Its indescribable the feeling you get upon finally seeing the Haiku stairs in person. 10 for 10 we would do it all over again to experienced that feeling and those 360 views.

Hiking down the Haiku stairs is v challenging after hiking up the giant 7+ mile Middle Ridge. Knees wobbly, shoes muddy, socks soaked through. Thankful for the guardrails, however many steps on the stairway were missing and a the staircase was damaged in a couple areas making us practice our matrix bullet dodging moves.

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When we finally reached the bottom, we saw walked right past the guard. He barely glanced at us when he said “officials are on the way”. Something in his tone led us not to believe him. He didn’t seem to give any fucks.

Covered in mud, we apologized to our uber driver who took us back to our car on the other side of the island. WE DID IT!



Moananlua Middle Ridge To Haiku Stairs:
Difficulty: 9
Distance: 9.5m
Time: 7+ Hours
Status: Illegal, but less so than hiking up the Haiku Stairs
This is the route we took and what we’d suggest. The additional length and danger factor makes this access point our preferred point of entry. Use this post to find the access point and step by step trail info. (Thanks to @theoutbound)
Google Maps Address: Ala Alolani St Honolulu, HI 96819

Haiku Stairs Only:
Difficulty: 7
Distance: 2m
Time: 4+ Hours
Status: Illegal. Need to passthrough angry neighborhood, security guard, potential fines and potential arrests.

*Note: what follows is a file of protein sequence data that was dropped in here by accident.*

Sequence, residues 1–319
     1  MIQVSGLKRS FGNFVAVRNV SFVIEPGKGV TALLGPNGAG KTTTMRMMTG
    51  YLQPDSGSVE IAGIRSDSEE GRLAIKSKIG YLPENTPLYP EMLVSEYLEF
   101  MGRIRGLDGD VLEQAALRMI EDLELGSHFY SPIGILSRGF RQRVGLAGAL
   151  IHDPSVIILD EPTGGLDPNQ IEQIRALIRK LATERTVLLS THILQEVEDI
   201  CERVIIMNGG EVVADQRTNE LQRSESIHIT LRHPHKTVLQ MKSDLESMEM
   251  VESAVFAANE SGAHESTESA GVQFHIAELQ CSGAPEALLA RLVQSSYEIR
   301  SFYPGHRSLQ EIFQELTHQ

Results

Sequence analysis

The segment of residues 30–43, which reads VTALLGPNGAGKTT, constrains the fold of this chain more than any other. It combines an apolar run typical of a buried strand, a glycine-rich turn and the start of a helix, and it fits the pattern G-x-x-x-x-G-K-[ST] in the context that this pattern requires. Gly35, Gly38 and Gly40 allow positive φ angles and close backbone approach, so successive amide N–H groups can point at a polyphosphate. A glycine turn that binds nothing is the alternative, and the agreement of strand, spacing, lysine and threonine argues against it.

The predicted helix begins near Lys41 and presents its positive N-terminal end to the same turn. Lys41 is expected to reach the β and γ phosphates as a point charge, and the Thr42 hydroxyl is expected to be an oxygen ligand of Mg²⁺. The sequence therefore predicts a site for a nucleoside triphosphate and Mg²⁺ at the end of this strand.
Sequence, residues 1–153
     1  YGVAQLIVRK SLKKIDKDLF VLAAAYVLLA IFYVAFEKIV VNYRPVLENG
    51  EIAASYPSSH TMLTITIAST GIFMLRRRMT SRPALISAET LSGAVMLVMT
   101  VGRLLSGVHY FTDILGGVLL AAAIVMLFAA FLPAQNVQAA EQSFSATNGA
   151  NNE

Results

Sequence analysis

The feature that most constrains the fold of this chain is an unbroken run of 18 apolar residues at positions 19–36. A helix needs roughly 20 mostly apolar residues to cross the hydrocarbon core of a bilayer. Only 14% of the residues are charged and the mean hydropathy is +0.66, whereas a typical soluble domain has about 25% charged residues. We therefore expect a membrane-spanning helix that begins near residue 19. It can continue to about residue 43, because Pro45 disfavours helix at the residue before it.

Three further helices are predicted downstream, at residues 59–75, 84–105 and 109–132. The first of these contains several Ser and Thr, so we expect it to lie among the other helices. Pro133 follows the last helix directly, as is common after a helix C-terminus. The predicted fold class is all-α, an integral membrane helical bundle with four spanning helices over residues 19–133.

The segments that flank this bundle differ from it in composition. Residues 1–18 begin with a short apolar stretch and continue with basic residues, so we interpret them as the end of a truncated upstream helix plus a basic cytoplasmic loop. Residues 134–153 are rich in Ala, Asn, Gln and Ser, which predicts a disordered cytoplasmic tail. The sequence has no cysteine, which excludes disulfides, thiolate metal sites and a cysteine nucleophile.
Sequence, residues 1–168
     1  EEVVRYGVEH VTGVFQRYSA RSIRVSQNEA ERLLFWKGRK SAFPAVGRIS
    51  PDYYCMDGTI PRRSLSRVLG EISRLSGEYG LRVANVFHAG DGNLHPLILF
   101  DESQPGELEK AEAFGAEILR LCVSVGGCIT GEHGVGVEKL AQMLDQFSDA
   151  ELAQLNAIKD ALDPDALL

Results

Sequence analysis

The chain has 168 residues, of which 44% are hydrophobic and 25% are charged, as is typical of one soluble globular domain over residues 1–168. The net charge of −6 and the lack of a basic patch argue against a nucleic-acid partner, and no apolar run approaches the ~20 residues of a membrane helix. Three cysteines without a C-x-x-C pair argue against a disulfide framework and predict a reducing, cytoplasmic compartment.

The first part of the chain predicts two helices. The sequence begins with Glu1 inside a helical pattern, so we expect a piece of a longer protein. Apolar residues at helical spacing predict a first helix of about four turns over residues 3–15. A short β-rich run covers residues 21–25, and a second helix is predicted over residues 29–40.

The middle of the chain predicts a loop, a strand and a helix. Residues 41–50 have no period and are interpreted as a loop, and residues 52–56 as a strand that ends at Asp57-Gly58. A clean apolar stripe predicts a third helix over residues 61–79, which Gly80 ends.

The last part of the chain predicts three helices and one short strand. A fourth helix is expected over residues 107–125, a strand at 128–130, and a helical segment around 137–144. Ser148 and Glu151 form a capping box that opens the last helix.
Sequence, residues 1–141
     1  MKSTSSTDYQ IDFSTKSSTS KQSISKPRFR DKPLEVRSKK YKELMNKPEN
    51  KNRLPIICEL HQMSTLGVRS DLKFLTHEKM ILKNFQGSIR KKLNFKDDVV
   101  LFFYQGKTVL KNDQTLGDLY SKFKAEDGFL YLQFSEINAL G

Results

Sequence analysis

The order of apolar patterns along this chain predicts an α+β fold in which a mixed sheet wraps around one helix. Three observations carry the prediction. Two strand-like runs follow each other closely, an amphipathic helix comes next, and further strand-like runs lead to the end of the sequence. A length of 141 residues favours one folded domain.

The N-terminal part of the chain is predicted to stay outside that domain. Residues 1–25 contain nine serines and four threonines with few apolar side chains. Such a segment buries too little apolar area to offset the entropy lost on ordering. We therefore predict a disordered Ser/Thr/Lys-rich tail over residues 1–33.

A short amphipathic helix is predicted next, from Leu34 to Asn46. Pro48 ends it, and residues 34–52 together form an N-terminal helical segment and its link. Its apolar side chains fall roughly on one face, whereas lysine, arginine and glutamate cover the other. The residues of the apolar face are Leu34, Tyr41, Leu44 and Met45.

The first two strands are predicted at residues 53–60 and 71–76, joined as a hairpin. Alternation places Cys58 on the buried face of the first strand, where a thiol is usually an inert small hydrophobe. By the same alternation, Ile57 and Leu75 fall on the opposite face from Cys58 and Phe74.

Be respectful of the residents if you decide to attempt the Haiku Stairs from the min entrance. Use this blog post for more detailed tips on entry (Thanks to @1lifeonearth for providing such detailed content, we have no such patience).
Google Maps Address: Makena St Kaneohe, HI 96744

Research: We can’t stress this enough because conditions and restrictions are ever changing as the public is continually battling the residents for access to this breathtaking hike. Additionally, as the stairway is unmaintained by the government the condition of the stairs can be dangerous. As new storms come though the stairway gets damaged and other hikers come along to fix it. A large piece of the stairway was tangled and twisted in 2015, making it difficult to manage.Reading numerous blog posts on the subject is suggested. We also followed #haikustairs on Instagram for a few weeks prior. We’d check it almost daily for new posts and then comment on the post asking if they ran into security, what time they went, and what entrance they used. They were all very willing to help others get on the hike.
Send us an email or DM on Instagram for more tips!


  • All the water
  • All the snacks
  • Gloves – Railings of stairway and ropes climbing the ridge substantially easier with gloves
  • Hiking boots – Possible in sneakers, better in hiking boots for extra traction.
  • Towel – so much mud
  • Light Rain Jacket